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An Empirical Study on

Equity based Options Market in India

*Dr. N. Vijayakumar

This study examines three issues in the context of Indian options market that are evaluated under
three phases; where phase-1 examines the drivers of option market liquidity and stock market
variables. Option market volatility function and its determinants are examined in phase- 2, while
phase- 3 covers option pricing efficiency. It is hypothesized that a). There is a relationship between
stock market variables and option market liquidity, b). there is a relationship between option market
implied volatility function and option market as well as stock market variables, and c). There is a
pricing efficiency in options market using Black- Scholes option pricing model.
Study uses the daily data set of equity based option contracts as well as underlying assets market
related information's and 91day T-bill rate for the calendar years 2004-05. The data source for option
contracts (underlying assets) is futures and options (cash market) Segment of NSE website. T-bill
rate is obtained from RBI website.
In the first phase, the Mayhew, Sarin and Shastri (1999) model has been used to test the relationship
between stock market variables and option market liquidity. This model involves using of four stock
market characteristics (stock price, stock return volatility, trading volume, market capitalization)
that are expected to explain the option liquidity. A dummy variable has also been introduced in the
estimation to capture the day of month effect. Two measures of options liquidity i.e. options contract
volume in numbers and options contract volume in rupees are used as proxies of option liquidity.
The study found that option liquidity is positively related with underlying stock price, trading volume
as well as return volatility. Further, option liquidity is negatively related to the uncertainty in the
information environment, which was measured by using company size as a surrogate. There also
seems to be a day of the month effect for at least one of the years. The results are robust in general
for different measures of option liquidity and different option types.
In phase-2, the two related propositions for the Indian equity option market are examined: 1). The
relationship between implied volatility and option moneyness typically referred to as volatility smile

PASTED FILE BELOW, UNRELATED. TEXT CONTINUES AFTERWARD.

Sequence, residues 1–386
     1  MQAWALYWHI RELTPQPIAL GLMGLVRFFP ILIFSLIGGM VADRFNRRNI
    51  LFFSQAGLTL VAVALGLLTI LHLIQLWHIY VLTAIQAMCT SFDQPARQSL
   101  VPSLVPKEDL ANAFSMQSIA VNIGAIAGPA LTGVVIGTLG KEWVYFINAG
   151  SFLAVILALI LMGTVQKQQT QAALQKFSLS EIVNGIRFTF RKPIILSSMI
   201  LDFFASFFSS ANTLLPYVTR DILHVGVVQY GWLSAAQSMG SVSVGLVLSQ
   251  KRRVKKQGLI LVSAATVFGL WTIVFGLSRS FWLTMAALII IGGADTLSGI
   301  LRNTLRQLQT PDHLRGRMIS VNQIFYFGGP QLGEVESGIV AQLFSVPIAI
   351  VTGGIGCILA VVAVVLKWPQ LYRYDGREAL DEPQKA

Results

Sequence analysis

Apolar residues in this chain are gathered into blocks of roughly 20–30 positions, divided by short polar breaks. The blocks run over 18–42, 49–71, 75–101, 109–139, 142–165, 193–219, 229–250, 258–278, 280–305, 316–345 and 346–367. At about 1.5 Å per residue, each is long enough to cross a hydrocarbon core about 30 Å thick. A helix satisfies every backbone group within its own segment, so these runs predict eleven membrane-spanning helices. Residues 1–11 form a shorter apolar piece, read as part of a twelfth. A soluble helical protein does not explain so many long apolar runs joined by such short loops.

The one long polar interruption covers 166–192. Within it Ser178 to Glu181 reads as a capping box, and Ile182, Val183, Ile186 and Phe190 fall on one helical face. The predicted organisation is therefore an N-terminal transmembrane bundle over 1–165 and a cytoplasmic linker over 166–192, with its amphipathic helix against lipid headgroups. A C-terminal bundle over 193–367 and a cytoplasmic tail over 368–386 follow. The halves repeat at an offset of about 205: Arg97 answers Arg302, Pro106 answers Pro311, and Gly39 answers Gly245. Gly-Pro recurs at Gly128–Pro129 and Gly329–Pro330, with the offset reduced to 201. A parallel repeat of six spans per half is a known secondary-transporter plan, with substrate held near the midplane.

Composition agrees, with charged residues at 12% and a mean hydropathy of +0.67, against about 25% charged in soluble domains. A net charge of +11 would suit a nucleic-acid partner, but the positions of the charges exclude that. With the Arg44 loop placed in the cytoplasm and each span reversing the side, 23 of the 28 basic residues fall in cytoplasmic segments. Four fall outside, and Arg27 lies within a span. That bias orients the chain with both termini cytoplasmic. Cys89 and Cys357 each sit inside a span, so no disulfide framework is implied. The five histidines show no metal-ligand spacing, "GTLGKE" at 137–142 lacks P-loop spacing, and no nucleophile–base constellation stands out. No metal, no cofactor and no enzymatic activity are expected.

and 2). The potential determinants of the volatility function. Three measures of options moneyness
are employed to find out smile asymmetry profile, they are: (a) as the absolute value of the difference

PSG Institute of Management, PSG College of Technology, Coimbatore- 4 Tamilnadu, India.

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between Index value and strike price divided by Index value; (b). as the natural logarithm of the ratio
of the strike price on the underlying Index value divided by the product of at the money implied
volatility and the square root of the time to maturity; and (c). A delta measure provided by BlackScholes (1973) option pricing model.
The study estimated linear and quadratic models and found that the implied volatility- moneyness
relationship being explained by a linear model. However, there seems to be a positive asymmetry
profile for both call and put options. The results on smile asymmetry are robust to alternative
constructions of moneyness measure. The positive asymmetry is however stronger for put options
compared to call options. The findings are in contrast with those for mature markets where the
empirical evidence largely shows a negative asymmetry profile.
An attempt in finding out the potential determinants of the observable asymmetry profile finds that
time to expiration and historical volatility linearly cause the asymmetry profile for call and put
options, as was the case for mature markets. While, the former variable captures the impact of
time on implied volatility, the latter may be responsible for the cross sectional differences in implied
volatility for any given day.
As third phase of the study, the pricing efficiency of options market was evaluated. Where, the
Black- Scholes model is operationalised using two alternative measures of volatility: 1. Historical
volatility and 2. Weighted implied volatility. Employing the historical volatility measure, the study
finds that both call and put options are fairly priced in India subject to the trading asymmetry
condition in the spot market. However, weighted implied volatility measure grossly underestimates
option values resulting in large and positive pricing errors. Thus, option pricing in India seems to be
conditionally efficient and historical volatility does a good job as a measure of true volatility of the
underlying asset.